Jonathan Creek Christmas Special review: Daemons’ Roost
This year's Jonathan Creek Christmas Special proves that there's life in the old duffel coat yet. Here's our spoilery review...
Warning: this review contains spoilers.
The last full series of Jonathan Creek, back in 2014, divided critics and audience; at the time our own reviewer complained that the central mysteries lacked the intricacy and peril of previous instalments, and there was a feeling that the spark had gone out of the show ever since Creek put away his duffel coat and moved out of the windmill.
The signs are there from the outset that this is going to be a more exciting affair: a big spooky house, a mystery involving several deaths and a Satanic ritual, and of course a delicious sizzle reel for the Hammer-esque films of Ken Bones’ schlocky director Nathan Clore. It’s a jarring but thrilling teaser that grabs the attention and sets the tone for the next ninety minutes; the only shame is that the script doesn’t lean more heavily into the Hammer parody tone.
All of the elements are in place for a slice of classic Creek, though it takes the titular detective nearly half of the special’s running time to get properly involved. To help fill out the time we are introduced to Warwick Davis’ Reverend Wilkie, Jonathan Creek’s self-proclaimed biggest fan. It’s an obvious comic turn by the ubiquitous Davis, but if you’re a fan of his work you’ll find a perfectly charming performance here – which is just as well, as the reverend is given the bulk of the heavy lifting for the first forty minutes, and there are times when you wonder whether you’re watching The Warwick Davis Mystery Hour (programme commissioners, you know where to find me).
The reason for Creek’s early absence from the case is the interference of his wife Polly, played once again by Sarah Alexander. For such a talented comic actress, it was disappointing in the 2014 series that Polly’s role was usually that of wet blanket, rolling her eyes and haranguing Creek for getting involved in a case. Polly has mercifully mellowed slightly, and over the course of Daemons’ Roost, we see her become more intrigued by and involved with the case; eventually they settle into a relationship more akin to the dynamic that worked so well between Alan Davies and Caroline Quentin in the early series.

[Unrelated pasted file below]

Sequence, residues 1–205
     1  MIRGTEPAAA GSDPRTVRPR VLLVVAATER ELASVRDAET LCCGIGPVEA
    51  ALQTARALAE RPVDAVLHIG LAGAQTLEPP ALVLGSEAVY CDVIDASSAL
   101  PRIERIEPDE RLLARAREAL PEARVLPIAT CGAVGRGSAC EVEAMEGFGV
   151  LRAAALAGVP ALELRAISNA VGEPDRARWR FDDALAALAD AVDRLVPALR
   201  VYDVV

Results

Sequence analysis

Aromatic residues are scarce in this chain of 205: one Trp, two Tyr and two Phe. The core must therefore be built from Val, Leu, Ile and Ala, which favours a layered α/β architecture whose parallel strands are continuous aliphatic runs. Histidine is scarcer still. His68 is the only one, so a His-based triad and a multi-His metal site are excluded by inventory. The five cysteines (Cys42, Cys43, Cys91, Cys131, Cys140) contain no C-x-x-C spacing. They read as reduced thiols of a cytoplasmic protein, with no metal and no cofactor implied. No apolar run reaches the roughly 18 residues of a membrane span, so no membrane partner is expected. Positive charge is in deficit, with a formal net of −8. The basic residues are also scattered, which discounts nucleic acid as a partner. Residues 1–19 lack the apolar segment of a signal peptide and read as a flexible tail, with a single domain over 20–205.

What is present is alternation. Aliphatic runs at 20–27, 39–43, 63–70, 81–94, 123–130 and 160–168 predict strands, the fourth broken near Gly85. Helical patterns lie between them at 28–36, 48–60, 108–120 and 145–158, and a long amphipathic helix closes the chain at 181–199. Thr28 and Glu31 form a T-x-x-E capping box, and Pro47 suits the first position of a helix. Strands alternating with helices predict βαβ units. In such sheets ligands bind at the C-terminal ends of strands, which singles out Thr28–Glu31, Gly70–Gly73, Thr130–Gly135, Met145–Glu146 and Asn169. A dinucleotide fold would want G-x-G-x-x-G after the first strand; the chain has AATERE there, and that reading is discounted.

An episode of Jonathan Creek lives or dies on the strength of its mysteries, and it feels like writer David Renwick has been saving them up: the impossible powers of a 19th-century Satanist, the tragic and unexplained deaths of a mother and two of her children, the last message of an muted film director (some fantastic eye work from Ken Bones, there)… Even the mystery of the striped unicorn, which at first just seems thrown in as a bonus mystery for the first half of the episode, proves to be not only tragically relevant to the story but a clever subversion of the format.
And for the most part, the payoff is worth the wait. A few of the smaller mysteries are a bit disappointing – the ‘phoney’ reveal feels like a particular stretch – but the secret of the sorcerer is brilliant in its obvious simplicity, as all the best mysteries are once they’re revealed. But by far Renwick’s cleverest stroke is the reveal that Ryman isn’t Nina’s husband; the characters – and by extension the audience – happily assume that the pair are married, and so the ‘twist’ comes as a real rug-pull moment that leaves everyone feeling a tad guilty.
There’s one subplot that really doesn’t seem to work, though, and that’s the ‘return’ of the murderer from Series 1 episode The House Of Monkeys (the one where Jonathan and Maddy briefly ended up in bed together), who has been released from prison and is hell bent on revenge. There are a number of problems with this part of the special: firstly, the villain is presented as a mindless psychopath, with even less depth than your standard Power Rangers monster; secondly, he’s such a disposable presence (once he’s fulfilled his plot function of getting Jonathan and Polly to Daemons’ Roost) that Jonathan callously and entirely nonchalantly lets him burn to death and nobody bats an eyelid; and thirdly, the basic facts are wrong – a quick Google reveals that the killer in The House Of Monkeys was called Alister Tyree, not Patrick as shown here.
This may seem like a nitpick out of keeping with the festive season, but the whole subplot leaves a bad aftertaste at the end of a rather good episode of Jonathan Creek. It really feels like the ship has course corrected after the last series, and Daemons’ Roost reminds us how compelling the show can be. And with no closure in sight (outside of a final glimpse of the windmill), perhaps there’s life in the old duffel coat yet.